The end of the year is around the corner and that means we’re taking a look back at the top issues impacting the federal government in 2011.
In 2010, the Federal Telework Enhancement Act was signed into law, so this year the focus for many federal agencies was to figure out how to make that law a reality.
“Agencies had about 180 days to get their policies and framework up to start,” said Cindy Auten, general manager at the Telework Exchange. She joined The Federal Drive with Tom Temin and Amy Morris with a look at the top issues of teleworking at federal agencies.
Also in 2010, the Office of Personnel Management had enacted a policy on unscheduled telework, and this year was the first chance that federal employees could take advantage of it. “It really shows the signficance of making telework and business continuity really two sides of the same coin,” Auten said.
Environmental factors contributed to the challenge of adopting an effective strategy. The recent earthquake and hurricane preparedness demonstrated the need for the federal government policy toward telework be resilient. Likewise, February’s Snowmaggedon streesed the need for an effective policy.
“It was a call for agencies to say ‘we need to figure out how we’re operational,'” Auten said, “and telework is a logical solution.”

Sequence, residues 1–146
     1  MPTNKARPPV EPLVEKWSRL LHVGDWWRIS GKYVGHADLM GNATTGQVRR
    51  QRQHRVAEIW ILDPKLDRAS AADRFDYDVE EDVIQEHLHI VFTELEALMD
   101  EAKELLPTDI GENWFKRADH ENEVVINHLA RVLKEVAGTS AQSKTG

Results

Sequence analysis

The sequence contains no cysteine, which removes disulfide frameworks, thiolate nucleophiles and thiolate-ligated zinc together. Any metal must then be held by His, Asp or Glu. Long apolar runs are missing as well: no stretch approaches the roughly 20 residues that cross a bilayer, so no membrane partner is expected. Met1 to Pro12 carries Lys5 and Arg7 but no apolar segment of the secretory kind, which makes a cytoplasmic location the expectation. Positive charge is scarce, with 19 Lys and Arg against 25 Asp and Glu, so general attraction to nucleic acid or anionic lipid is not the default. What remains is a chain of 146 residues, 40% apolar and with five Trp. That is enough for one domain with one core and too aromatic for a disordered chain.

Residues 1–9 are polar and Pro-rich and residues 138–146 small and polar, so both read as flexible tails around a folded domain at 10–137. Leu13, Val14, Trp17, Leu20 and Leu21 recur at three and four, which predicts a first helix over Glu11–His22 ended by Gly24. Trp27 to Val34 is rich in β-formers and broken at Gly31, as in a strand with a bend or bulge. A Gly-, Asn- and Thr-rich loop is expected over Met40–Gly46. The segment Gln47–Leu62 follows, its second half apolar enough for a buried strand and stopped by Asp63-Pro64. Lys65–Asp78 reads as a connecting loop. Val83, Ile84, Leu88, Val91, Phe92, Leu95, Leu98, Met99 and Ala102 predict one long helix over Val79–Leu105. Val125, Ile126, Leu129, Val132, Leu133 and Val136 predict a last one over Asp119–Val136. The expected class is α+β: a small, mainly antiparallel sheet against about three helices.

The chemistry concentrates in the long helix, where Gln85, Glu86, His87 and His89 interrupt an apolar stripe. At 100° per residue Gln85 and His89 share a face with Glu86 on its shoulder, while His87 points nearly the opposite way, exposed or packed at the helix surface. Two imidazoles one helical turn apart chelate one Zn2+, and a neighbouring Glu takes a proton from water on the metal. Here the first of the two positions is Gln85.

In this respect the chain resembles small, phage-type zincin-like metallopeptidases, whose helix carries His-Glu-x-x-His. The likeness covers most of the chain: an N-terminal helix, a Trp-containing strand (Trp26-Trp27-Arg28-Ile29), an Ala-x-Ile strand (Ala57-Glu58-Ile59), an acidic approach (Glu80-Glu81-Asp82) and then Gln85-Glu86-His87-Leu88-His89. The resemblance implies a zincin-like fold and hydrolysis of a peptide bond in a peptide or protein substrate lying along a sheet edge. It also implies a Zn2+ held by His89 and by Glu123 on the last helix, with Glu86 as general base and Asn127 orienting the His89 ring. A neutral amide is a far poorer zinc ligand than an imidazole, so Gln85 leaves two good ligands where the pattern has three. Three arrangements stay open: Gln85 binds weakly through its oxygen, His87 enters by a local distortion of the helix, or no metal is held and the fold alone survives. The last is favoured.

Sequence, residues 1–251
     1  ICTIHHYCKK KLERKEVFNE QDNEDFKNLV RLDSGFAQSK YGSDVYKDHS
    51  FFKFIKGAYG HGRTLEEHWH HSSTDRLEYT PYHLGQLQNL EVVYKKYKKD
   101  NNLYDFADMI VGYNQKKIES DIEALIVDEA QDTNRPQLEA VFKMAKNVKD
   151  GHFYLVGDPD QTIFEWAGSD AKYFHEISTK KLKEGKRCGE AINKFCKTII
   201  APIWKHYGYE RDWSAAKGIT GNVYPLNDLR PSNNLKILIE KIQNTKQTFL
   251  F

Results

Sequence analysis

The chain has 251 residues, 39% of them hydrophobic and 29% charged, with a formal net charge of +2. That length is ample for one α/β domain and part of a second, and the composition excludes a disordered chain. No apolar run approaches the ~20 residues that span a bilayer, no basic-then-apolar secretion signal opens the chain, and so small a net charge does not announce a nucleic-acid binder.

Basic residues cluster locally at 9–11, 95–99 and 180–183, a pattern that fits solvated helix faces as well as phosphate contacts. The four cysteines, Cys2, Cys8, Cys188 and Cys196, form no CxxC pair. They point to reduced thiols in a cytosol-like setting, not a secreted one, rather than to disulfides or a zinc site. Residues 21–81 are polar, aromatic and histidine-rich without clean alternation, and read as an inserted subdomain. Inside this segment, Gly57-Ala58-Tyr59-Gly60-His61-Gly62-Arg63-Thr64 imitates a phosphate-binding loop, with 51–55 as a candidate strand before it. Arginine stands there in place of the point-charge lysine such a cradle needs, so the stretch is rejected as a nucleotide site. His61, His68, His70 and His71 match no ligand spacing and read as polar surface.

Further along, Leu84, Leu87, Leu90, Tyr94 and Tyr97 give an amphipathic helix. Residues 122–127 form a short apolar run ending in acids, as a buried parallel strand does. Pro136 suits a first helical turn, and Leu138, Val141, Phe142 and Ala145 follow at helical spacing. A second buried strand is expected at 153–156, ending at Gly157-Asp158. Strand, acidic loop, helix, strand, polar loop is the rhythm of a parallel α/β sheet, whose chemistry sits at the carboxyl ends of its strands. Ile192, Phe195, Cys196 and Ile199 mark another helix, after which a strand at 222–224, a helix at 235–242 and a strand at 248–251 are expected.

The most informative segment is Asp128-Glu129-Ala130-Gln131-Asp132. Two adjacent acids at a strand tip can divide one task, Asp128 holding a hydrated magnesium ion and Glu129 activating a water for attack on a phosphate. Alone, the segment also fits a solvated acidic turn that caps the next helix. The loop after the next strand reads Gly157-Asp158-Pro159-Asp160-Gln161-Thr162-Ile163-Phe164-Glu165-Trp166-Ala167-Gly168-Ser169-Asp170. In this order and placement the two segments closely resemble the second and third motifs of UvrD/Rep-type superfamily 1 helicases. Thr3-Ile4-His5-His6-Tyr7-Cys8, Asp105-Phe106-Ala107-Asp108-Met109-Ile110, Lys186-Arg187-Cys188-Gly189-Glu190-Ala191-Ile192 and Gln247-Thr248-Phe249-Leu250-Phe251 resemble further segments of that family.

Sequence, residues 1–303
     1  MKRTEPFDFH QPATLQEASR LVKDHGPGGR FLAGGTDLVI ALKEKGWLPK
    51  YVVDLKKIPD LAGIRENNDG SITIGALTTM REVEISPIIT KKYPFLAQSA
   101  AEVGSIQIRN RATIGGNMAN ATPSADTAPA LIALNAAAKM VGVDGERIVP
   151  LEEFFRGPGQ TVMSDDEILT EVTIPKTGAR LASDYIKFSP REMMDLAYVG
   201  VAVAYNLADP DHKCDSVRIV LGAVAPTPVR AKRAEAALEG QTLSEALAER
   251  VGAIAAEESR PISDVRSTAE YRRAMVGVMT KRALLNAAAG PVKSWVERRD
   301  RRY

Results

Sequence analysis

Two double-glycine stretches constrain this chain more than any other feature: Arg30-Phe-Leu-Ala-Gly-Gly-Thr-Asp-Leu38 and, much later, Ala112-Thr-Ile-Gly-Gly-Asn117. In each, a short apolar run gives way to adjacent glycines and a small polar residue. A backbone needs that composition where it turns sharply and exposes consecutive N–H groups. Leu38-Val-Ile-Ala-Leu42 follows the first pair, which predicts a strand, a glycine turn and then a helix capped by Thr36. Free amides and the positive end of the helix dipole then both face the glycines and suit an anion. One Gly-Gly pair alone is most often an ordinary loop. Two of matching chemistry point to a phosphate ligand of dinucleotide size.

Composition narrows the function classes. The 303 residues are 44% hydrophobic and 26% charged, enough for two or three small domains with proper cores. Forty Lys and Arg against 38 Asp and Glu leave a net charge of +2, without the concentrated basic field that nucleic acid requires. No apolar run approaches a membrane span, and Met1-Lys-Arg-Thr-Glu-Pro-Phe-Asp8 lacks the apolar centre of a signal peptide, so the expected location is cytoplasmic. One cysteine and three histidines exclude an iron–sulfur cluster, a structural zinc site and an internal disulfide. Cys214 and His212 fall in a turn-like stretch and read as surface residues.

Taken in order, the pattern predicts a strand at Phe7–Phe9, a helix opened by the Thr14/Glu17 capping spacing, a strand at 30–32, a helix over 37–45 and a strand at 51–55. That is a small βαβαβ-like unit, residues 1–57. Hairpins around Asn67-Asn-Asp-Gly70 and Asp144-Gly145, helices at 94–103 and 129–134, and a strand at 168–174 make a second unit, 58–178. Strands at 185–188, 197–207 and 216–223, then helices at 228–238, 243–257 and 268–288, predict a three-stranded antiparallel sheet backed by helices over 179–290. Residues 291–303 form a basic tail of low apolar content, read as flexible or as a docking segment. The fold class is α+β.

Alleviating traffic is also a consideration, Auten said. She pointed to the the Defense Department’s upcoming move to the Mark Center in Alexandria as an opportunity to address traffic concerns with a strong telework strategy. As part of the Base Realignment and Closure, the DoD will be moving thousands of employees to the new building on Interstate 395 in 2012, but parking has been limited to just 2,000 slots.
“I think next year we’ll see a lot of telework movement in the DoD because there’s going to have to be something they have to do in that area,” she said. “Trafffic is just going to get worse.”
Auten acknowledged that agencies will continue to face challenges as they try to adopt telework. “It’s a cultural change,” she said. “It’s changing the way where you work and it’s changing how managers manage.”
For those managers who measure an employee’s productiveness by whether or not they’re at the office, telework is a major shift in mindset.
Agencies will also need to come up with ways to measure and analyze their telework program to ensure that they’re getting the proper return on investment. “Before the bill became a law, they could count how many people were teleworking, that was about it,” Auten said. “There wasn’t a whole lot of requirements. Now they’re really having to look at how is telework impacting their agency mission.”
The adoption of new technology, such as mobile devices and cloud computing, have helped to advance the cause of telework. “Technology, we say, is really blazing the trail for telework adoption,” she said. “It’s allowed people to be mobile and productive, but you also have to take into consideration that you have to be secure.”
This issue of data security goes beyond telework, Auten said. “All employees need to be able to understand how do they handle that data, what type of devices that they use and is the technology secure,” she said.